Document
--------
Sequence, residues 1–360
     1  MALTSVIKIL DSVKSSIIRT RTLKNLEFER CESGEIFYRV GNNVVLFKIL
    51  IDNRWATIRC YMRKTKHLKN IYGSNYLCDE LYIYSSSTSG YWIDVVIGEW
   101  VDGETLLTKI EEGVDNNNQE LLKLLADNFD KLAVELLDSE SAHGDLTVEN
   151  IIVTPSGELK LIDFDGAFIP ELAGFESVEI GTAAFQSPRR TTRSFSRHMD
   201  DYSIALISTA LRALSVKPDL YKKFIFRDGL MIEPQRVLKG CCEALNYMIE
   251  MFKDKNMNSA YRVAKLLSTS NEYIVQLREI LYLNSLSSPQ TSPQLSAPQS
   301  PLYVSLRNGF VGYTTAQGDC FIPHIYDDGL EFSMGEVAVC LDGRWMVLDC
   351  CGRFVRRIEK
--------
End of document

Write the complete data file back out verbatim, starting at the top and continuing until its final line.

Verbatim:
Sequence, residues 1–360
     1  MALTSVIKIL DSVKSSIIRT RTLKNLEFER CESGEIFYRV GNNVVLFKIL
    51  IDNRWATIRC YMRKTKHLKN IYGSNYLCDE LYIYSSSTSG YWIDVVIGEW
   101  VDGETLLTKI EEGVDNNNQE LLKLLADNFD KLAVELLDSE SAHGDLTVEN
   151  IIVTPSGELK LIDFDGAFIP ELAGFESVEI GTAAFQSPRR TTRSFSRHMD
   201  DYSIALISTA LRALSVKPDL YKKFIFRDGL MIEPQRVLKG CCEALNYMIE
   251  MFKDKNMNSA YRVAKLLSTS NEYIVQLREI LYLNSLSSPQ TSPQLSAPQS
   301  PLYVSLRNGF VGYTTAQGDC FIPHIYDDGL EFSMGEVAVC LDGRWMVLDC
   351  CGRFVRRIEK